The essence lies under the surface. What can you say about translation in Andi taku e sana, Amung taku di sana – with Renderings and Speaking in Tongue? Arvin mentioned that translation is one of the key elements of the exhibition. Do you agree?
Yes, from the chanting to the weavings, the exhibition explores the complex intersection between translation and representation, as forms are transformed and reiterated into other forms and opening them to new possibilities of translation.
Going back to the direct translation, Andi taku e sana, Amung taku di sana directly translates to All of us present, This is our gathering. It implies being present and a commitment of being at a certain place and time. These words are part of a sogna done by the community so all of them will gather to come together. Do you feel that this reflects what the world or the Philippines need today? To come together to communicate and talk about all the things happening in the world like pandemic, climate change, war, the upcoming elections. How do you think the exhibition relates to all of these things?
I never meant it to function like a call for a meeting to talk about world events or to resolve some urgent issues. I was more interested in how the sound of the chant can be translated into visual form. However, the chant, being a call to gather, became relevant in the context of the Venice Biennale where people from around the world gather to commune and celebrate art.
What message are you trying to convey with your work presented in the Philippine Pavilion in the Venice Biennale?
There is no singular message that is conveyed by the work. However, in connection with the biennale, I would say that the works has implications in two key themes of the biennale – the presentation of bodies and their metamorphoses and the relationship between individuals and technologies. The notion of bodies metamorphosing can be gleaned in how sound gets translated and reiterated across mediums to create new possibilities of transformation. Using technological apparatuses like the video camera and television to record and reproduce images were also essential in registering our thoughts as artist and collaborators as we imagine new ways of working together to realize the work. This could be an apt metaphor for imagining new ways of coexisting amidst differences and the upheavals of our times.
With the source sounds coming from traditional weaving houses, presented in contemporary form, how do you think this might impact the public’s perception of contemporary and traditional art?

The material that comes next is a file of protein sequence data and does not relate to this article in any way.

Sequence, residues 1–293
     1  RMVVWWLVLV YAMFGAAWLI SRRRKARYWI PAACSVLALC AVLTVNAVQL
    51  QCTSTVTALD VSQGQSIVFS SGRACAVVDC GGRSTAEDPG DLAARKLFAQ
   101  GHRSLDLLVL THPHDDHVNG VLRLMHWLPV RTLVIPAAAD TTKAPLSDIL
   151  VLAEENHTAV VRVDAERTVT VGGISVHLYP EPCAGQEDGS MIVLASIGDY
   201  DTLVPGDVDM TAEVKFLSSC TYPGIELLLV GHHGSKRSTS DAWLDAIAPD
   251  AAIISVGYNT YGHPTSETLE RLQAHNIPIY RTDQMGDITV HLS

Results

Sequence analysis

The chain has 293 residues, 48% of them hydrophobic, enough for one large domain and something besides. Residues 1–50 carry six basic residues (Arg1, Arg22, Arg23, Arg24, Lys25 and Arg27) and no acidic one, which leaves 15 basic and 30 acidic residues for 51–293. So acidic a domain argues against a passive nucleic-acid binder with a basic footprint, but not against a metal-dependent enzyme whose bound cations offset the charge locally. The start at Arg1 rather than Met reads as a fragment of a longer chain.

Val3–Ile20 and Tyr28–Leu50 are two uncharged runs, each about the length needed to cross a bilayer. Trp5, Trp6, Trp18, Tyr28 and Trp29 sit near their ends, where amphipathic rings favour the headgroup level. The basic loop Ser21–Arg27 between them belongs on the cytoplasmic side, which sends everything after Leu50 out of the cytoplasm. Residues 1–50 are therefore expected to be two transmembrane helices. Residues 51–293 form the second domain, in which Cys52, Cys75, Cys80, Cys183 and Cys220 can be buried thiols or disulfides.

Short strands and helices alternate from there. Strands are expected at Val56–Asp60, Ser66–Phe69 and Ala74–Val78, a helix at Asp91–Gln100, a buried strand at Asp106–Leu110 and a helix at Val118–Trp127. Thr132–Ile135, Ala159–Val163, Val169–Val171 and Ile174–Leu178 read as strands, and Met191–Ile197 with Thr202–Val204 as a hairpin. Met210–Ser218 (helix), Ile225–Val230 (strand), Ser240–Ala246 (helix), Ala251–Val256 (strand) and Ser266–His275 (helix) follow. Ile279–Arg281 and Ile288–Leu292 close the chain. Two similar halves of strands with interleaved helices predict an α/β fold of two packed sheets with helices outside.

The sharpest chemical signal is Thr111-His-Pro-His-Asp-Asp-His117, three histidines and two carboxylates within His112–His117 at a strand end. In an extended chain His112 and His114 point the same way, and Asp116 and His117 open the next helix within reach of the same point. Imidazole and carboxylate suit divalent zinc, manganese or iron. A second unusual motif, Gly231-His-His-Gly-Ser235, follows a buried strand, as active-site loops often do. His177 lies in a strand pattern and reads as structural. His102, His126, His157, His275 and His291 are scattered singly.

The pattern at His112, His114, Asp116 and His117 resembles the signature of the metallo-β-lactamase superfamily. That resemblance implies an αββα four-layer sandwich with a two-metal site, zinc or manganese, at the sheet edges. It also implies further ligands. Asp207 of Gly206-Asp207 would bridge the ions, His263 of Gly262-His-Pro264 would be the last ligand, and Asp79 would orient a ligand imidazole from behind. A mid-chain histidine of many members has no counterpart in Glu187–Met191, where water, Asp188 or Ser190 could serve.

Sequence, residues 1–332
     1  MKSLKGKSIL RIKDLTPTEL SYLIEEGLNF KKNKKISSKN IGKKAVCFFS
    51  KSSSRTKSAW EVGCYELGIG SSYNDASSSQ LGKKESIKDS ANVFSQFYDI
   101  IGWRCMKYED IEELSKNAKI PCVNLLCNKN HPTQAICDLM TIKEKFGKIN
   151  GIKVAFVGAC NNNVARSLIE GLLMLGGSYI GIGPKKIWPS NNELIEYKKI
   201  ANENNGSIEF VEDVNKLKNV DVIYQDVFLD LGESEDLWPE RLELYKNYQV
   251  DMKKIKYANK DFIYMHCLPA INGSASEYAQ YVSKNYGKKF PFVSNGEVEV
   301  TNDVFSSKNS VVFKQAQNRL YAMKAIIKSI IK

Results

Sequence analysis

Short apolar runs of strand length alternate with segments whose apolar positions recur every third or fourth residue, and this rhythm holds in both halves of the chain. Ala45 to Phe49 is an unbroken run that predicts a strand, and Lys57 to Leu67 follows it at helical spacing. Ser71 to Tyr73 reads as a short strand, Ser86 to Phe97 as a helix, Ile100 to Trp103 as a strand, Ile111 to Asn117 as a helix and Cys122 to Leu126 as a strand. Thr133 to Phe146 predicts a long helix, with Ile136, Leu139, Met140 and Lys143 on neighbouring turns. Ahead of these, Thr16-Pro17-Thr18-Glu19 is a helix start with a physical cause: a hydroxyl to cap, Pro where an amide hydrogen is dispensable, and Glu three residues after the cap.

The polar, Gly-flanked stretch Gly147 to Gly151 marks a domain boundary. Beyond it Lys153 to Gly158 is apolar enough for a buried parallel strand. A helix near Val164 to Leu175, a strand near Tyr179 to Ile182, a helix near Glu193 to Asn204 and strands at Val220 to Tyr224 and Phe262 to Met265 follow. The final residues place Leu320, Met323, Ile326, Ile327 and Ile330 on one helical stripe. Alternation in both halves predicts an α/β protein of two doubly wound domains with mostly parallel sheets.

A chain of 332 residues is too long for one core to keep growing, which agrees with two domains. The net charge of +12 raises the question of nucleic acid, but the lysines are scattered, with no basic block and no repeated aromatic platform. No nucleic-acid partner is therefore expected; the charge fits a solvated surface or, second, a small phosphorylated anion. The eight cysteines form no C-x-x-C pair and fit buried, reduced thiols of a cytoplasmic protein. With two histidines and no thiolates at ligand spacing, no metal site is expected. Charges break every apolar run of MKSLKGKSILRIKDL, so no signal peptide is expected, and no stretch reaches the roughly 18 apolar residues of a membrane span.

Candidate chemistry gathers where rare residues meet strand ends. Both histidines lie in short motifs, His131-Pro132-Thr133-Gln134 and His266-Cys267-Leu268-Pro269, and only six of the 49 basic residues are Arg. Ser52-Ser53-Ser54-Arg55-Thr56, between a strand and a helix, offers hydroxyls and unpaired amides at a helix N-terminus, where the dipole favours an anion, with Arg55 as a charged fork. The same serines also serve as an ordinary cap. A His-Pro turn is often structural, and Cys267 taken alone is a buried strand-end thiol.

Often, I have been responding primarily with everyday objects and mass-media technologies. Expanding my work to include how artistic production, appropriation and reproduction can be related to the domain of traditional arts like weaving marks a broadening of my interests and practice. I guess the exhibition can impart to the public’s perception that traditional art like textile doesn’t have to be an inert practice. It can evolve or renewed with the times.
In three words, how would you describe yourself as an artist?
A tinkerer, a thinker, a daydreamer.
When it comes to making art, how do you know when to stop?
Instinct tells me so. You develop this by experience. Sometimes time finishes it. I may put a work aside if in doubt. After 3 months or 3 years, I look at it and declare that its done.
On that note, this interview is almost done. We all know that the Venice Biennale is the oldest, most prestigious, and biggest art exhibition in the world. What does it mean to you that your work is being presented at the Biennale?
It means a lot to me especially because I am able to put my work in the world stage and no less than the Venice Biennale. It is a rare and great opportunity to gather with other artists, art professionals and the general audience from around the globe to discuss and celebrate art. I look forward to it.
We are now looking forward to the Venice Biennale – hopefully we find common themes that threads our exhibition with other countries’ exhibitions.
How the different national pavilions materializes the theme of the biennale is something to analyze and take note of. The coexistence of the many national pavilions under one roof amidst differences and commonalities of gender, nationalities, ideas and so forth, show how solidarity and understanding can be achieved through art.